Movie Review: CLOSE CALLS (2017)

Hello my fellow friends of the twisted and macabre! It’s been quite some time but I am back with another review! I’m always a big fan of nods to the horror film golden era (the 1980s), which is why I was very excited to check out Richard Stringham’s CLOSE CALLS, produced by S & Drive Cinema. Shall we begin?

CLOSE CALLS centers around a troubled teenage girl who is left home alone to her own devices. As the night progresses she begins to experience a terrifying sequence of events while battling her own imagination in this genre love letter that is partially a coming-of-age tale.

One thing that stood out to me about CLOSE CALLS from the beginning was the visually pleasing retro-aesthetic. This was cool considering the movie is based during the present time period. The production company’s intro splayed across the screen with a VHS tape incorporated into the logo. Not only was I excited about that, but it was accompanied with a very cool little intro jingle music. You know, like that musical intro that takes place at the beginning of every TROMA team production. I also noticed a grainy ‘retro’ filter applied during what I assumed was post-production, which was executed incredibly well. I’ve seen other films do this and it tends to be more of a distraction that visually stimulating. I think the soundtrack also played a big role in my love for this movie. VERY 80s sounding synth, dark and ominous. You can imagine that I’m a big fan of John Carpenter and that is exactly what the music reminded me of.

The storyline, though difficult to follow at times, held up really well; especially for a movie that I can imagine had a pretty low budget. The main character, Morgan (Jordan Phipps), had her sanity tested through some of the most bizarre and shitty situations imaginable. Each situation was totally different than the next, all of which you can tell were inspired by other, more popular horror/thriller films. Sometimes, in low budget indie horror films I find myself not feeling invested; however, this was not the case with CLOSE CALLS. Having a run time of just about 2 hours, I felt like my viewing time flew by. I wanted more as I needed some more vivid explanations of what I had just witnessed.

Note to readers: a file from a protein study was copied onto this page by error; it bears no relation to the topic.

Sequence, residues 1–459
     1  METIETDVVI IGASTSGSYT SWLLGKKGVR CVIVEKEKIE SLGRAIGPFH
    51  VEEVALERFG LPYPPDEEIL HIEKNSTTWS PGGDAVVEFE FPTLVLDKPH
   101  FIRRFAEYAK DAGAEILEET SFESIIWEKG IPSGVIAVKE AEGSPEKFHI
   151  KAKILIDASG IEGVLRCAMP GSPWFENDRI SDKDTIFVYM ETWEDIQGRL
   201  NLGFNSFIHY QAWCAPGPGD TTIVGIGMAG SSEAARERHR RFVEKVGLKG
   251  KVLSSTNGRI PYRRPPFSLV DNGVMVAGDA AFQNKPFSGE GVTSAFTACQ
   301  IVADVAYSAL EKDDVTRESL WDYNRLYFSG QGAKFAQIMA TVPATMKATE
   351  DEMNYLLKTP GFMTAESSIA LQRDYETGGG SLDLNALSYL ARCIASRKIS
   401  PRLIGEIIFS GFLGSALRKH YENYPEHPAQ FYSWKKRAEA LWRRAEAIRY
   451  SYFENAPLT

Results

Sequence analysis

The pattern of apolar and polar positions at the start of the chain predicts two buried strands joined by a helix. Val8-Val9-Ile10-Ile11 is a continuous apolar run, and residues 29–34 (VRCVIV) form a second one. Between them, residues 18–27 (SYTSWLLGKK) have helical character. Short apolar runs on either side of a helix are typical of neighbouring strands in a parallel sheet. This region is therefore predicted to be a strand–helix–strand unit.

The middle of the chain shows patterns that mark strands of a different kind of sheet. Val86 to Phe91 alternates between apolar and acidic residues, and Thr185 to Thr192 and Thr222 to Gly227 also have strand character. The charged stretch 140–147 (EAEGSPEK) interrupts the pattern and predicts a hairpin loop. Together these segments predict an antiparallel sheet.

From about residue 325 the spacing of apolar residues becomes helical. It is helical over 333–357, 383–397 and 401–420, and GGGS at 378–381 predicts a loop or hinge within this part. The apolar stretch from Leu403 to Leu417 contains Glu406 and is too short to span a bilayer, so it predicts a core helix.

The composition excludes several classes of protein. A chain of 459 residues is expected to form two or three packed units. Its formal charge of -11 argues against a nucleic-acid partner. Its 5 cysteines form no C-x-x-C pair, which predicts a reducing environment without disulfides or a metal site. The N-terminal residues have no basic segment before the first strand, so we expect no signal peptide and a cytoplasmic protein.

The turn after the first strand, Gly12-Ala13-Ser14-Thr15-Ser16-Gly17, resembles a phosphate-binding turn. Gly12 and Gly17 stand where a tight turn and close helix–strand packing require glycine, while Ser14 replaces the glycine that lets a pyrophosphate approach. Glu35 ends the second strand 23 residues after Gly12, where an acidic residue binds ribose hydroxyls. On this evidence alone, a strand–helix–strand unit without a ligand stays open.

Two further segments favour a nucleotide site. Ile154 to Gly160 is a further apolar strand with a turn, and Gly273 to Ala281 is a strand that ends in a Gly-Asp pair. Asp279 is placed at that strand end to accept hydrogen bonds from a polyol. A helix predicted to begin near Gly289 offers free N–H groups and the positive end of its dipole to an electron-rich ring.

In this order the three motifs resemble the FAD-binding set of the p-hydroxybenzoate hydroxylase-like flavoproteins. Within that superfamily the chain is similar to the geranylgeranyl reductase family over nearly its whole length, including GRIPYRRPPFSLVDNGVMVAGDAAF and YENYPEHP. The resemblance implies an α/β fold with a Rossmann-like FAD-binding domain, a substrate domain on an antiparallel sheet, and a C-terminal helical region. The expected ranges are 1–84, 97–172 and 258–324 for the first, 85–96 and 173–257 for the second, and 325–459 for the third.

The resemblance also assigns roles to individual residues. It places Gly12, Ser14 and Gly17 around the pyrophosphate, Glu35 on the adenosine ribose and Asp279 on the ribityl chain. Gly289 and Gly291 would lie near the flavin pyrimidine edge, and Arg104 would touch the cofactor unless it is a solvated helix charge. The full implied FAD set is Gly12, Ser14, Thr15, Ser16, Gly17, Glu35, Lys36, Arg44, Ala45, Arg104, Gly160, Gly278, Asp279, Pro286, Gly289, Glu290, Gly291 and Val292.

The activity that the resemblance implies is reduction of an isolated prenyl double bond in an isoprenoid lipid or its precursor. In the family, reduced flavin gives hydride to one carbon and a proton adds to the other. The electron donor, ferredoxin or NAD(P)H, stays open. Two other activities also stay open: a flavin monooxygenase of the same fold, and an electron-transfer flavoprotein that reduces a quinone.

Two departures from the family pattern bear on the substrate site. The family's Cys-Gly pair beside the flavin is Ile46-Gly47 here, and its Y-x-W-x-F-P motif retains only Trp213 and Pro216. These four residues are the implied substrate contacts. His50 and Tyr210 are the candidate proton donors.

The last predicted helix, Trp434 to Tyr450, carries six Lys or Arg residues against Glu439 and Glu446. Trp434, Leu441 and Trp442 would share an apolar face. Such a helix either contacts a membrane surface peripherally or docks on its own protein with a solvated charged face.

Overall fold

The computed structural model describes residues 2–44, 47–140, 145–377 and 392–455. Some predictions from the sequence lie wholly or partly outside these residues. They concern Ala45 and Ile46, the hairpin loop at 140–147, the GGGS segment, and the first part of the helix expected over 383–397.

Yes, with indie films, you work with up and coming actors, therefor, there are flaws to be found. However, I didn’t give a shit about that. Jordan Phipps didn’t over act and I was so mentally invested in the film that any performances that I would typically nitpick, I brushed aside. Jordan’s acting was so different that I found myself asking “What the hell is going to happen next?” I even found myself repeatedly saying, “What in the actual fuck” as the story unfolded.

One of the weaker points of the movie to me was the ending. After all these insane events take place, I felt like the film should have had a stronger ending. I’m not saying I disliked it, but I didn’t love it as much as the rest of the film. There’s a point where it started getting into what looked like some Lords of Salem / possibly Lovecraftian type shit. I was confused yet also intrigued which is why I was surprised that it seemed to be briefly glossed over. I was also expecting more in terms of practical effects because of how I thought the movie was going in this section. Lastly, I do feel like I had a difficult time understanding the ending. I mean, it seemed to be pretty clear, but like I said, the movie took a crazy left turn and I wanted to see more of that.

Overall, I highly enjoyed CLOSE CALLS despite the few faults I encountered. I’m sure it’ll be popping up on a streaming service soon so please check it out, especially if you’re into getting your mind fucked.

Devin March
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